From Preventative to Predictive Maintenance of Automation
All material handling equipment needs regular maintenance to stay in top condition and for many years, preventative maintenance has been the ideal model for warehousing staffs to follow. It involves establishing a regular schedule for inspecting equipment and replacing components, hopefully keeping equipment humming without disruption to operations. The concept centers around an expected timing of failure, and preventing that from taking place.
One step better, however, is having the ability to collect data about equipment, monitoring components so that you know when they might actually fail. Then, you can schedule downtime to replace the part accordingly, and extend the life of the equipment. For instance, with a conveyor, you would collect data on the motor, monitoring vibration, analyzing that information to determine when it might fail. In a nutshell, maintenance becomes usage based rather than schedule based.
In order to achieve the ideal of predictive maintenance, companies must first put several pieces in place in order to gather the necessary information.
The first is sensors. In the case of conveyors and sortation, that looks like sensors—on motors, and on all the moving parts that can deliver measurable data points. Often, these are built in to automation products. Temperature, vibrations, the identification of low performance points throughout the day, and other metrics that help predict when the equipment could use maintenance in order to remain in top working condition.
An alternative to “external” sensors such as temperature and vibration is to use current sensors to monitor motor parameters and the full motor signature. Unlike traditional tools based on vibration sensors, measuring electrical waveforms creates a more reliable, accurate and scalable solution. You can identify both mechanical and electric problems. The current /voltage sensors are mounted in the motor control panel or integrated inside the motor control and not on/near the asset itself which makes the implementation easier.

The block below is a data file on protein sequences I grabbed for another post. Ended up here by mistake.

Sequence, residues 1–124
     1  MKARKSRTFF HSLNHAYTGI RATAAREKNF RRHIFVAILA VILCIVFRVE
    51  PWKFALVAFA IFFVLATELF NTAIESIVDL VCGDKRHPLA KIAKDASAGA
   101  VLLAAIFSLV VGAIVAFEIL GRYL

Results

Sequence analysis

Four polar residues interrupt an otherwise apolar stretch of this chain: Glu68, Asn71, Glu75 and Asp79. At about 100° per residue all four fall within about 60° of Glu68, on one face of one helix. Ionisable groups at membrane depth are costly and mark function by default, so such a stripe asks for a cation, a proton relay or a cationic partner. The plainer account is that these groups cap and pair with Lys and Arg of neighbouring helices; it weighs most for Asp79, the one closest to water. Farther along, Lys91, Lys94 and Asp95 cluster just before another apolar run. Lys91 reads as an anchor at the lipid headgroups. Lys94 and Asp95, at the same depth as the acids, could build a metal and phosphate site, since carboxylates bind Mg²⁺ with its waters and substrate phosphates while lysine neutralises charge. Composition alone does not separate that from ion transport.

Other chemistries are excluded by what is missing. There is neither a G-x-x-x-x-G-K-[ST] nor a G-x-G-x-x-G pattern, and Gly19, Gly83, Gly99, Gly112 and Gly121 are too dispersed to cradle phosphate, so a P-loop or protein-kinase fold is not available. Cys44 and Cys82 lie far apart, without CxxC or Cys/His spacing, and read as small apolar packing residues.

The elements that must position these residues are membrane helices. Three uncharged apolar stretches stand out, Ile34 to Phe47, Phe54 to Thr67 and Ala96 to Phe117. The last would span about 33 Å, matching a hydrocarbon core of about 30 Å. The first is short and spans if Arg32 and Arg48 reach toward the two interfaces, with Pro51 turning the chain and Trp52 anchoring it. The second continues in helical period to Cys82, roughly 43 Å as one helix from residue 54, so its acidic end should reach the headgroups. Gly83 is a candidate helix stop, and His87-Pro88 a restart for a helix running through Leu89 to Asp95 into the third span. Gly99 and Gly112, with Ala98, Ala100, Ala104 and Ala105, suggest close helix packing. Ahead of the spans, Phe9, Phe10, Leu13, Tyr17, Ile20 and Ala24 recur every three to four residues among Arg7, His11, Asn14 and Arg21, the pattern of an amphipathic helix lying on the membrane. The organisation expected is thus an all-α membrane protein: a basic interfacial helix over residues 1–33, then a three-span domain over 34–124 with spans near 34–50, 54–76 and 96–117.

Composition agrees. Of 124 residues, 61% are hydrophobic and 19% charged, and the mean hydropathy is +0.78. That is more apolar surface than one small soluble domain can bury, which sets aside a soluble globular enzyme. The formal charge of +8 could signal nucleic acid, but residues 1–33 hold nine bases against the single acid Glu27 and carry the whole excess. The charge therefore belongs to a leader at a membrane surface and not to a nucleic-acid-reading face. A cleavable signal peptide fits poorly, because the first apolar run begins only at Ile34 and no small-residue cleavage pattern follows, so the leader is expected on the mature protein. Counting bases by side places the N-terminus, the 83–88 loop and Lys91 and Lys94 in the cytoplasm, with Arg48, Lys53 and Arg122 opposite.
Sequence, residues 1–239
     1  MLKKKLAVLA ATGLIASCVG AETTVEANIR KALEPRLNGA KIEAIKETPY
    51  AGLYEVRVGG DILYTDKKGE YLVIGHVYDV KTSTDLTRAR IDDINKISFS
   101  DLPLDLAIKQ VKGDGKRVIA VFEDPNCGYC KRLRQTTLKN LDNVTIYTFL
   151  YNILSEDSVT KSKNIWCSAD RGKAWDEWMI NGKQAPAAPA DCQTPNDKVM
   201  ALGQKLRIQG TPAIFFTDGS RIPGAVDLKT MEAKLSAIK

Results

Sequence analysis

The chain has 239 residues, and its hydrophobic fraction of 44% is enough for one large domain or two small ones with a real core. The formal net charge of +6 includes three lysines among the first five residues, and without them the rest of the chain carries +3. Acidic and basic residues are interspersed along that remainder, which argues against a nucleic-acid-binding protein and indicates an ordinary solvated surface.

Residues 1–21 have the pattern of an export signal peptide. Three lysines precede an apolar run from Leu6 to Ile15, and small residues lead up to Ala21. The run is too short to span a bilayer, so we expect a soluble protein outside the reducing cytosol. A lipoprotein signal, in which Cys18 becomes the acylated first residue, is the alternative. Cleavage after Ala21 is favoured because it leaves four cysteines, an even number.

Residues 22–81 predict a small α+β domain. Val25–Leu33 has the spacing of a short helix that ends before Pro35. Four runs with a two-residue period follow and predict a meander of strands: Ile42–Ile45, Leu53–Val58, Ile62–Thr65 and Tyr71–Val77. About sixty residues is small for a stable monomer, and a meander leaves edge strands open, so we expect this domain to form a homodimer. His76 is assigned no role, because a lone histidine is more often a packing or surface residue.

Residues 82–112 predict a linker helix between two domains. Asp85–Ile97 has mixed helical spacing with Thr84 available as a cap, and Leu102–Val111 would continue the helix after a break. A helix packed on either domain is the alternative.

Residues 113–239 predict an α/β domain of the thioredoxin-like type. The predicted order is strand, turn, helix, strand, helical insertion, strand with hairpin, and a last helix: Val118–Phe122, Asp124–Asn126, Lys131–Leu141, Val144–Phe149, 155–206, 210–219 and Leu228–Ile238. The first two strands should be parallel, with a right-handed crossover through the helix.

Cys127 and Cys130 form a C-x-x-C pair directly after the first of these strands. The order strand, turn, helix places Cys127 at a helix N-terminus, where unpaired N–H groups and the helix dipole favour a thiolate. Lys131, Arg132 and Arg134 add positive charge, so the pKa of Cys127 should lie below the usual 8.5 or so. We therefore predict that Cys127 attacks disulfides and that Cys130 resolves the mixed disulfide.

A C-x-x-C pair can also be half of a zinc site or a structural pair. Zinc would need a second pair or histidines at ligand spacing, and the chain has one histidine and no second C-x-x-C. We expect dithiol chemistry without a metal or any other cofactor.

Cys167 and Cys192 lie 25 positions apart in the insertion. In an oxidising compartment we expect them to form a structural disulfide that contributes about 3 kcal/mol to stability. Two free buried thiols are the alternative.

While the sensors gather the data, you need a way to deliver the data for analysis. This looks like an information “highway” connected to the sensors, generally via a fieldbus cable. The sensors capture information and continually transmit it via the cables to monitoring software—computerized maintenance management systems (CMMS)– for high-speed analysis.
If the software picks up an uptick in temperature, for instance, it can alert the staff, which can then conveniently schedule time to check in on the part. If there’s need for maintenance or replacement, the team can tend to that long before the equipment fails.
Central to all of this is ensuring you collect the right amount of data to make a difference, but not overwhelm your maintenance staff with too much information. The data must be actionable and also easily understood so that staff can make the most of the information coming their way. Achieving this delicate balance requires working closely with equipment and technology partners for seamless integration across the board.
Beyond predictive maintenance, the data gathering and analysis can lead to even more optimized equipment operations. The tools can also help reduce energy consumption from the material handling equipment, reduce wear on the equipment and look for areas of improved process equipment. The future may include an evolution to machine learning from the data collection, optimizing your investment in equipment. The ultimate goal and result will be improvements in overall operations.
For more information about the Conveyor and Sortation Solutions Industry Group, click here.